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Academic interview: Dr Debbie Foster

27 November 2016
Dr. Debbie Foster © Natasha Hirst
Dr. Debbie Foster © Natasha Hirst

“The Health and Well Being agenda sounds positive, but it actually excludes Disability.”

Debbie Foster is a sociologist and a Reader in Employment Relations at Cardiff Business School (UK). She instigated the setting up of CRED (Cardiff Researchers on Employment and Disability) heading an application with Prof. Ralph Fevre (Social Sciences Cardiff University) and Dr Natasha Hirst (Disability Wales, photographer and independent researcher) to the Cardiff Business School’s Public Value Fund.  This supports activities which promote engagement between Cardiff University academics and external researchers, NGOs, trade unions and statutory organisations.

Debbie has published research on disability and employment in the journals Sociology, Work, Employment and Society, The British Journal of Industrial Relations and Industrial Relations Journal. She has a current interest in the ways in which neo-liberal ideas are influencing the health and well-being at work agenda and its particular effects on disabled employees.

Earlier in her career, Debbie was very involved with researching and teaching on gender equality, and also on ethnicity. Yet disability equality hadn’t come into her field of awareness.  Following a long term illness, her lived experience of disability and discrimination became influential and she used these in her approach to disability research.

On Disability Studies

Debbie is one of only a few academics working in UK Schools of Business to use a critical disability studies lens in her work.  As a disabled person she is committed to the social model of disability, co-produced ethical research with other disabled people and working to improve the ‘voice’ of disabled people in public policy-making and academic forms. She is currently working with colleagues in the UK and Belgium exploring the interface between disability and business studies through the concept of ableism at work.

Dr Debbie Foster © Natasha Hirst
Dr Debbie Foster © Natasha Hirst

She has conducted disability research with Wales TUC, with Natasha Hirst from Disability Wales and is currently researching with partners (in Estonia, Hungary and Poland) on an EU funded project examining industrial relations and disabled and older workers, and is a member of the Welsh National Advisory Group on Disability Research on Independent Living and Learning (DRILL).

On research impact

As an academic researching disability and based in a Business School, she is aware of the challenges in seeking to get disability research recognised and published in high profile ‘mainstream’ and often quantitatively focused journals. Debbie’s objective is to improve reach and research impact by publishing in influential journals with a wide readership and in doing so, demonstrating the importance of disability research in the world of business.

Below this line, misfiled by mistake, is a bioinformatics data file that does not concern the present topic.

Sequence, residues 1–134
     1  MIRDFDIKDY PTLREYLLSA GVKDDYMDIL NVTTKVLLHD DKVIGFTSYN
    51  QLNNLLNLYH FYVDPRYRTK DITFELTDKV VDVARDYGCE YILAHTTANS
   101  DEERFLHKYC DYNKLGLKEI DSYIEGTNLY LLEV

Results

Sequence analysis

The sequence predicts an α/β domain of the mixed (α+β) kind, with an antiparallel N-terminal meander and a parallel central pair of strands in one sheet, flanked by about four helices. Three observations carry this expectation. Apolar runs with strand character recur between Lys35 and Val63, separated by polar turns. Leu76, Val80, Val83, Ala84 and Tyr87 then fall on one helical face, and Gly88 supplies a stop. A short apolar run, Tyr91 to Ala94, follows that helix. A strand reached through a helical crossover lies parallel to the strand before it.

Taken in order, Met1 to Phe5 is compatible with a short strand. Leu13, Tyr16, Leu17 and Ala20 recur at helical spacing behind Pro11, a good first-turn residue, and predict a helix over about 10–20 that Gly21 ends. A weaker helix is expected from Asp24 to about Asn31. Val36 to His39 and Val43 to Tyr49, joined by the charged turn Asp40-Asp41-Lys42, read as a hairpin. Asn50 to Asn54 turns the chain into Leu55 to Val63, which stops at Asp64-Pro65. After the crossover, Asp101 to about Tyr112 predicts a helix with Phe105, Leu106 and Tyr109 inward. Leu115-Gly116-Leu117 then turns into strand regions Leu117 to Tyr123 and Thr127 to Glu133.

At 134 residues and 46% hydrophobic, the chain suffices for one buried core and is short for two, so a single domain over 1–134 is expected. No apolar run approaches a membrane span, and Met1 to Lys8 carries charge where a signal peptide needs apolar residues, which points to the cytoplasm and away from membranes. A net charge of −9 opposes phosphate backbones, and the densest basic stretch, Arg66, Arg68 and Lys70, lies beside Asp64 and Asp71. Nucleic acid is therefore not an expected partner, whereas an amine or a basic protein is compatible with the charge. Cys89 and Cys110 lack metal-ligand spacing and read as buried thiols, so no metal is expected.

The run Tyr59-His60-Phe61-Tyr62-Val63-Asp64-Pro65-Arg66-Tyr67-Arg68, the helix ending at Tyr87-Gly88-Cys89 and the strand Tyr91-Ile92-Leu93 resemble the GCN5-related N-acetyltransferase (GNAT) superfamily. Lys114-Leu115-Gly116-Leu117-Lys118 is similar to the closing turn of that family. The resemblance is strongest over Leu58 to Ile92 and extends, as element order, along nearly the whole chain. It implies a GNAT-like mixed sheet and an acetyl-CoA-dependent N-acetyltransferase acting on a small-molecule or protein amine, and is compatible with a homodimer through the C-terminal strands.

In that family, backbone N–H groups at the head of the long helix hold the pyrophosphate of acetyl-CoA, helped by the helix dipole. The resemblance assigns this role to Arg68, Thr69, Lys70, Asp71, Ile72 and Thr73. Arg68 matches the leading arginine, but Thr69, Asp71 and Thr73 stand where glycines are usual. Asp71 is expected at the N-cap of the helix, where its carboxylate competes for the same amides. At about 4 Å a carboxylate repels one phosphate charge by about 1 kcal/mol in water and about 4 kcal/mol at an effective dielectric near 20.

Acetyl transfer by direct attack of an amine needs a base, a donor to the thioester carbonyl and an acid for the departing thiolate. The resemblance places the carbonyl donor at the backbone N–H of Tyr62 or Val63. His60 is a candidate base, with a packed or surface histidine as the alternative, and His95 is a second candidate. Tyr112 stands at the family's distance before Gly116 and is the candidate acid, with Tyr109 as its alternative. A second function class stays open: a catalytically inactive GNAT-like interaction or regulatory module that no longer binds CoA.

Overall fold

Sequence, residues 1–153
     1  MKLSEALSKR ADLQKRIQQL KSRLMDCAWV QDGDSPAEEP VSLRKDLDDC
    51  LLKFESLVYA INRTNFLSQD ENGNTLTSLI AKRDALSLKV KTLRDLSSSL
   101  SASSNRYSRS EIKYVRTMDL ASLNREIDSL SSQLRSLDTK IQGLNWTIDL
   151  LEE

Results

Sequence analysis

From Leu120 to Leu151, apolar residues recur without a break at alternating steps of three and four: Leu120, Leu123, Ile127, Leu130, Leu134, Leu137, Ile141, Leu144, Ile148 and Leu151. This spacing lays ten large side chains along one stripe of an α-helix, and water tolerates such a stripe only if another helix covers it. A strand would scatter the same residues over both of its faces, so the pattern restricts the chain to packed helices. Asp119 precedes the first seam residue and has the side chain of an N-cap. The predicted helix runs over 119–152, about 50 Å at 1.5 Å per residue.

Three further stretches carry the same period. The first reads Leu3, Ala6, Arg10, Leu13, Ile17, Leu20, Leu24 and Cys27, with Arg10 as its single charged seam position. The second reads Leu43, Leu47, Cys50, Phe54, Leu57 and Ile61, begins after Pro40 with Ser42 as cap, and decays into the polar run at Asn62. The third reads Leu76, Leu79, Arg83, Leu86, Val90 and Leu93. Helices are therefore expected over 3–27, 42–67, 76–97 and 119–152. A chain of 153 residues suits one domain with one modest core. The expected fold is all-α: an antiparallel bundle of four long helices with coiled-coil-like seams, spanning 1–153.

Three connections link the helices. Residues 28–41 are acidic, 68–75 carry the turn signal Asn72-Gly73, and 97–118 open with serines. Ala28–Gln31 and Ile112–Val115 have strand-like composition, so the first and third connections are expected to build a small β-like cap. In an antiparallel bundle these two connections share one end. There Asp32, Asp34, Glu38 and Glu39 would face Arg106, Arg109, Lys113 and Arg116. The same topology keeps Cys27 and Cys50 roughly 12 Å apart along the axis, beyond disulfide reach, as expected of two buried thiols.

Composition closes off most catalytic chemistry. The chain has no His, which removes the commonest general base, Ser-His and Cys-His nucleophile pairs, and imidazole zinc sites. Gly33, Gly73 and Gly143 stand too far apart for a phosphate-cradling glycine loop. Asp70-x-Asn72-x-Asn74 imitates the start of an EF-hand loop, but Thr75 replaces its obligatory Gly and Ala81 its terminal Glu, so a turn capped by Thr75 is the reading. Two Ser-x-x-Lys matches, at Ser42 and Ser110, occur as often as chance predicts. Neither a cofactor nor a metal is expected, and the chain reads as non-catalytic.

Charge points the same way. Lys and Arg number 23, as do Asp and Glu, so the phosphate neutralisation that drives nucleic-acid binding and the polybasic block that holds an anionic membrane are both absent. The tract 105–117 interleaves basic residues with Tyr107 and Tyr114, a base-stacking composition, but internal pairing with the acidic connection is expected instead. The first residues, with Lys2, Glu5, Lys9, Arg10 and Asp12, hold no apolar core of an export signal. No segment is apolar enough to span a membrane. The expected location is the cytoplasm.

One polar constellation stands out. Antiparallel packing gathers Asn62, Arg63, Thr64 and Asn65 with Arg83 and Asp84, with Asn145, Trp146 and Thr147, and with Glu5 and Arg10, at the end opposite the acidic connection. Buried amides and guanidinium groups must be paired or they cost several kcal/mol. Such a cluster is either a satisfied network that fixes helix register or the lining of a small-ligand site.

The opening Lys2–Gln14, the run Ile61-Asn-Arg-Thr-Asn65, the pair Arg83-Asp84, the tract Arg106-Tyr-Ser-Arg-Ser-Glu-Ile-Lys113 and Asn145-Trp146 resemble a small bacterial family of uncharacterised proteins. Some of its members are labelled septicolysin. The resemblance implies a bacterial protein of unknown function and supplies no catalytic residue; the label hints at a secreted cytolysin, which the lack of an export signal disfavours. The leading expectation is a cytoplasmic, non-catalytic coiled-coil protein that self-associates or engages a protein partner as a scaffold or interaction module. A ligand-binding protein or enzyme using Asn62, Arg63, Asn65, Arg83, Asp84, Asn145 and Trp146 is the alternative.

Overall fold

Holding the view that disability research can usefully use mixed methods of quantitative and qualitative approaches, Debbie points to the divide that can exist between the extremes of the two. Large datasets may not always ask the right questions to reach from the ‘what?’ to the ‘why?’ and small scale studies, though rich in detail are often not enough to influence policy makers.

She believes that the way that US researchers often use mixed-methods, employing qualitative methods to first identify which questions to ask and a questionnaire afterwards to achieve representativeness is more useful in disability research.  This way the meanings and lived realities of disabled people are central to research design.

Supply vs Demand

There is a fascinating discussion to be had regarding employer attitudes towards disabled workers. Employers often assume that they do not want disabled people in their workforce and yet may not realise that a third of their employees may already meet the definition set out in the Equality Act 2010.

Much discussion revolves around the business case for employing disabled people and yet disability equality at its core is an issue of social justice and fairness, creating something of a paradox in seeking a solution to discrimination. The current trend to subsume disability into the health and well being agenda stands to politically marginalise disability discourse.

An inclusive workplace is one that encompasses and benefits all. Workers need to know that if they declare a disability or take a career break to manage an illness, that they won’t be penalised for it.  It can take an individual case to drive through change on the back of personal experience but this may only be localised. Collective strategies are, however, needed to bring about substantial change in organisations and labour markets. This is why engagement with trade unions and Disabled People’s Organisations is so important in Debbie’s research.

More work is needed to challenge attitudes and turn around the myth of normalcy and what constitutes a ‘productive’ worker. Rather than trying to make disabled people fit the myth of the ‘normal worker’, employers need to be demanding disabled people on their workforce because they are able to offer something different. The skillsets and life experiences of disabled people should be valued and demanded by employers and Debbie emphasises the crucial role of research in creating this critical change in public policy and practice.